An estimated 8.4 million cars ply on the roads of Delhi every single day. To do away with the increasing traffic mess, Delhi chief minister Arvind Kejriwal's effort towards a 'car free day' couldn't convince people the way it was expected.

The numbers were quite less, and the reasons are many. Some say the choice of the day was wrong as it coincided with the Hindu festival Dussehra, when people were busy with the festivities and roads were mostly empty. Schools, colleges and other business houses also remained closed.

Kejriwal has a reputation of leading big rallies, but this time the numbers were too less which doesn't even match with his stature and fan following. Along with deputy chief minister Manish Sisodia and few hundred others, he led a group of cyclists on a 6 kilometer stretch from the Red Fort to the India Gate on Thursday.

Though the impact was less, the pollution level recorded a dramatic dip in the world's most polluted city . Hindustan Times cited a report compiled by the Centre for Science and Environment that showed a 59 percent drop in the average levels of particulate matter (PM) along the Red Fort and Bhagwan Das Road stretch.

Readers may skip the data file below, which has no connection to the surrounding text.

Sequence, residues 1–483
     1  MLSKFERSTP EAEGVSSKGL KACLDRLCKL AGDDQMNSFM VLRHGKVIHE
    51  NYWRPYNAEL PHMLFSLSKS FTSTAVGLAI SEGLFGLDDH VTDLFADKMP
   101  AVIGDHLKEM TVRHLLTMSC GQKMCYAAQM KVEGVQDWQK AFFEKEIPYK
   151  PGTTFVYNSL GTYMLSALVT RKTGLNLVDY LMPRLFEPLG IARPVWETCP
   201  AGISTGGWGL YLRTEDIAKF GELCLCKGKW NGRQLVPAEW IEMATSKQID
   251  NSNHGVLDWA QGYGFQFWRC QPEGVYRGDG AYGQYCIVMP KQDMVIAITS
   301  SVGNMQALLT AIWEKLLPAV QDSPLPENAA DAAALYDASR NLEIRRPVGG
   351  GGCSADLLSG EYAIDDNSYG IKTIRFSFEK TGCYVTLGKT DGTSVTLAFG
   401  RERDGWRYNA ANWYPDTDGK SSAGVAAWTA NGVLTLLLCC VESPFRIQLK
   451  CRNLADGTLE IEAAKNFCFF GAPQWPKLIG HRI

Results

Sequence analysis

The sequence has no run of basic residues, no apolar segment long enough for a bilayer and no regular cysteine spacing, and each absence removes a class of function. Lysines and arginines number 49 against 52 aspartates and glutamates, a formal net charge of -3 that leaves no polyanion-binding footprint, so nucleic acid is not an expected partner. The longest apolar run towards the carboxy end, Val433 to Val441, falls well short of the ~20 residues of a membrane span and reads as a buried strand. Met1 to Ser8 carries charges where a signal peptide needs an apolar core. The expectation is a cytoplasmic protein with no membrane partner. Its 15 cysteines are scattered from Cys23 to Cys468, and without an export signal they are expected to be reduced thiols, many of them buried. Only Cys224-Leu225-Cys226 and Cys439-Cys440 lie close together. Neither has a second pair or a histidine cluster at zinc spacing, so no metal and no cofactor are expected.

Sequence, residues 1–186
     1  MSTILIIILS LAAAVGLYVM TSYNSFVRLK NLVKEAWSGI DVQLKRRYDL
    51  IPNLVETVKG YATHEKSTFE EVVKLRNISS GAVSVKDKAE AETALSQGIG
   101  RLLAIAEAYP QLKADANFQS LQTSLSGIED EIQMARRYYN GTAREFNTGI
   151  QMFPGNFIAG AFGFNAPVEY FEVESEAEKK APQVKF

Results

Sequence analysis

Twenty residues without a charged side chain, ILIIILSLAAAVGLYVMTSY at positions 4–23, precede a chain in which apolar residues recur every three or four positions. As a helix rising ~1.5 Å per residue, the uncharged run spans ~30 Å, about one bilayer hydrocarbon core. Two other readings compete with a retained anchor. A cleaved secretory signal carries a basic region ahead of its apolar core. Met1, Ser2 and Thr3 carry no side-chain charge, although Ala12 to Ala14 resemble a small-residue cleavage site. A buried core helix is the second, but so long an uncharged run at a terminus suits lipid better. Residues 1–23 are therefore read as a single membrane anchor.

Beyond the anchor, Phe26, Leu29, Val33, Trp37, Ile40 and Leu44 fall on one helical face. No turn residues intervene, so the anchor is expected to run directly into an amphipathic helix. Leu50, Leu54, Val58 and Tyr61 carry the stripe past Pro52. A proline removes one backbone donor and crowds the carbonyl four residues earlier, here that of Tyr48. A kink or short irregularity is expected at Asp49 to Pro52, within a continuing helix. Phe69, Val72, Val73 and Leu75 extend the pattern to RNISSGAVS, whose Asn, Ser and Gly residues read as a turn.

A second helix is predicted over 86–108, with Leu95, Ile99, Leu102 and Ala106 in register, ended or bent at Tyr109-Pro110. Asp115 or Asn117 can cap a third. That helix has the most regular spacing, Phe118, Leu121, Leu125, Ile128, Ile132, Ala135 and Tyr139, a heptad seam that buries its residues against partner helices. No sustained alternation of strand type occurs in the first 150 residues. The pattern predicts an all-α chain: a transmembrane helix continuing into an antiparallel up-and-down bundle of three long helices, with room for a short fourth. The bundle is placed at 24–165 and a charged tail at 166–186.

The fall in levels of PM 2.5, a result of vehicular emissions, was steeper, from 689 microgramme per cubic meter on Wednesday to 265 µg/m³ on Thursday. But the fall in the air pollution, if credited to Kejriwal's car free day should be erroneous, as the cycle drive was carried out on a holiday.

Also, the drop was not restricted to the Red Fort area only. Four Delhi Pollution Control Committee stations, Punjabi Bagh in west Delhi, Mandir Marg (central), Anand Vihar (east) and RK Puram in south Delhi, also recorded an overall drop of 45 percent in the PM 2.5 levels.

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Delhi police reportedly also criticised the choice of date as 'hasty and quite impractical'.

Let's hope t he impact of the initiative is greater in coming months.

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As Delhi Celebrates Its First ‘Car Free Day’, CM Kejriwal Leads From The Front With A Cycle Rally